Posts Tagged ‘Tommy Steele’

“Always got his head in a book, hasn’t he?”

“Doesn’t he play with other boys
Like normal children?”

“He comes out with some very long words
For someone his age”.

Common complaints from his early years,
Still spoke today by puzzled adult peers.

As dusk descends on the car-less, cobbled street,
He doesn’t heed the steadily falling rain
Driving him in from games of marbles, cricket
And flicking fag cards down the darkening lane;
He’s immersed in yarns of a boy named William,
A girl called Alice and a bear of little brain.

Intrepid tales of a Little White Bull,
A three part novel written at age eight,
Inspired by a song by Tommy Steele,
Leaves proud parents in a blissful state.

It earns a mention in the local press,
A child genius the gushing paper quips;
Before it goes the way of most success,
Wrapped up in paper folding fish and chips.

And now, through adult recklessness,
It’s lost like many of those TV shows
Twizzle, Torchy the Battery Boy,
Hoppity and Four Feather Falls,
The boy watched while eating crumpets
Toasted with fork on open fire that glows

Two years on he stands upon the platform
Of Greatstone’s railway station green,
Waiting for Typhoon or for Southern Maid
Or if he’s lucky, maybe Doctor Syn!
Bottle green cardigan knitted by Mum,
Plastic shoes and pudding basin hair,
Shorts excrutiatingly tight,
He hugs a guide book, pen and favourite bear.

So many hundreds, thousands, read since then,
Most kept, but some to charity shops have flown;
So many bookshelves creaking from the weight
Attest to how the love affair has grown.

The man remains seduced by books’ allure,
Enchanted by their feel and smell and view;
And though his taste has mellowed since,
His friends include that crazy girl and Pooh!

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It all began with a crew-cutted boy barely past his seventh birthday publishing a three part novel about the “Little White Bull”, inspired by the Tommy Steele song.  Well, it was written in three separate notebooks, though each contained but a handful of pages.  Public acclaim in the form of a local newspaper feature followed but the shy lad with the bottle green zip-up cardigan proved the proverbial one hit wonder, unlike Tommy Steele, and exchanged his pen for football and cricket bat. Writer’s block had set in alarmingly early.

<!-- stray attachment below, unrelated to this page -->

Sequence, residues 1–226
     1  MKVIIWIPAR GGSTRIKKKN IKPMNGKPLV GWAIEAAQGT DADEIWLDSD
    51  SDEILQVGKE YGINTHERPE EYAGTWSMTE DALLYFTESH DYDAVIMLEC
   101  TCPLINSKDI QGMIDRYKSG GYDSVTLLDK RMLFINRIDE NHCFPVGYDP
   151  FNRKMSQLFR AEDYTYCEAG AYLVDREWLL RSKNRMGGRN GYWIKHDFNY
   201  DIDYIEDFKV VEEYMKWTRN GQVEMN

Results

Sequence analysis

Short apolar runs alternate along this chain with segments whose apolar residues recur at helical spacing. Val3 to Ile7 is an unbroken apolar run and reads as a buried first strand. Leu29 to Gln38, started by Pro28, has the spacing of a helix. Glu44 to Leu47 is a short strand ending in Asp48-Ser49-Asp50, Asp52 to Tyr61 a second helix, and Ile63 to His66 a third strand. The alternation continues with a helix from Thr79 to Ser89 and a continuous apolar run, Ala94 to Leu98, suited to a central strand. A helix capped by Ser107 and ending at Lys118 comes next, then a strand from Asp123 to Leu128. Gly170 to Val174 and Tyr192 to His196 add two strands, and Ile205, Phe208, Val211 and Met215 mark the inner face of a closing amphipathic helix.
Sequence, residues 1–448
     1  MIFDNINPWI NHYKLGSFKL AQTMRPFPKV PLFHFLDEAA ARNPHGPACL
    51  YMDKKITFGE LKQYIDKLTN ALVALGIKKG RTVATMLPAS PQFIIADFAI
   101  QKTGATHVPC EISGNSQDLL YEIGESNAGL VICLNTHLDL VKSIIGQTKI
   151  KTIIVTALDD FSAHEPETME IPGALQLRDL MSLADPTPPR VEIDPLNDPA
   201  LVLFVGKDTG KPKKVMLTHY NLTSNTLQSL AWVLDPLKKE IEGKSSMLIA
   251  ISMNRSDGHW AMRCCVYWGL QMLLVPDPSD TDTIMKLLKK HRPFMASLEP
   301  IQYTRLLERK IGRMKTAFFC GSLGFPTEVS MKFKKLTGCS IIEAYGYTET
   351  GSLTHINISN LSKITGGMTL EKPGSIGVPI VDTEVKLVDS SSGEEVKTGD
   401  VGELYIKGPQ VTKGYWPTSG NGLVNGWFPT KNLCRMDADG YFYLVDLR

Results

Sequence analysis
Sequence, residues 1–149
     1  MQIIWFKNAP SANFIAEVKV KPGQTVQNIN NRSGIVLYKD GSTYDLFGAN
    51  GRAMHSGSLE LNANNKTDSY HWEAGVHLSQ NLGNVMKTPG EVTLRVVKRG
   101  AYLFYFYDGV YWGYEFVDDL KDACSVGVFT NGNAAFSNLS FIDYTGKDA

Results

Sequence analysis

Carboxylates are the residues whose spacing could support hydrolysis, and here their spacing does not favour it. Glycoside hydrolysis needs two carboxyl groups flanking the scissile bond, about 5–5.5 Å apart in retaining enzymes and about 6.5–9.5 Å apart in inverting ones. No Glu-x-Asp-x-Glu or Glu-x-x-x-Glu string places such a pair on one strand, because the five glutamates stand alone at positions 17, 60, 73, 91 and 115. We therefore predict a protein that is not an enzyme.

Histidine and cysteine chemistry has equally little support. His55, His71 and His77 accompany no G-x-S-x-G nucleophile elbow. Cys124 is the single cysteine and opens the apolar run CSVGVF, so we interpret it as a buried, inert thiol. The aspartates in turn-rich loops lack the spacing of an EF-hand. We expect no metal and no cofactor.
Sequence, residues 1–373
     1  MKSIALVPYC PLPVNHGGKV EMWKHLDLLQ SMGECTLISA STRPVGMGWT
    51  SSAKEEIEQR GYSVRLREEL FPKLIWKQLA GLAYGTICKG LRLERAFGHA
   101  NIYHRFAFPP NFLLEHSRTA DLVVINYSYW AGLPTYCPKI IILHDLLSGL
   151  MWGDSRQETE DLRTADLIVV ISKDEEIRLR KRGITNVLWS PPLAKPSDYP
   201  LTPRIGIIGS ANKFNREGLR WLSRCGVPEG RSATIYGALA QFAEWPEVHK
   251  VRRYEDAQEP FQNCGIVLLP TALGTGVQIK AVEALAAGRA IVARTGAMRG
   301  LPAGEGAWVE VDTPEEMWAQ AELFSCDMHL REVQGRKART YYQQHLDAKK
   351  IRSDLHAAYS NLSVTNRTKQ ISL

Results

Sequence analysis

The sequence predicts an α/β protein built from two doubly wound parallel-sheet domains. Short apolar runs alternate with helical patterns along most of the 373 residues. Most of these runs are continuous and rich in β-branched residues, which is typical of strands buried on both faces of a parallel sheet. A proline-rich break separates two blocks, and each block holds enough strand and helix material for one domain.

The next burst, or rather dribble, of creative activity emerged at university when, surrounded, for the first time, by hundreds of attractive, intelligent and refreshingly accommodating young women, his poetic, as well as primal,  juices poured forth.  A passing resemblance to Neil Young, an extensive West-Coast and Dylan-centric vinyl collection and the coveted all-night slot on student radio kept the “ladies” (true hippie that he was he never used the term “chicks”) in thrall, but the lovelorn verse was excrutiating, even if  the paper it was “composed” on made a satisfyingly good roach.   

After university, “life” took charge and, for more than thirty years, the writing took the form of business plans, appraisal reports and other worthy but dull publications in the service of successive governments.  He strove to put some colour and sparkle into them, but “house style” and corporate terminology strangled such efforts.  All the while friends and colleagues acclaimed his talent and said that he should write for a living.  Work commitments and a natural indolence prevented him from acting upon their encouragement until he managed to extricate himself from the former a little under two years ago.

Having completed a successful home learning college course on travel and tourism, during which, once again, his tutor and others who sought his advice on a range of destinations praised his abilities, he has finally, more than fifty years after he “exploded” upon the local literary scene, decided to give this writing lark a go.  It is as if that little white bull had “come charging right up to him” and told him that he was a “brave little bull”, perhaps not the best in Spain, because after all he doesn’t live there, and that he should now test his capability of producing worthwhile written work that others might enjoy.

So there we are, dear reader.  Aside from more interesting offerings be  prepared for a series of anguished posts over the coming weeks, months and years on the subject of writing itself.

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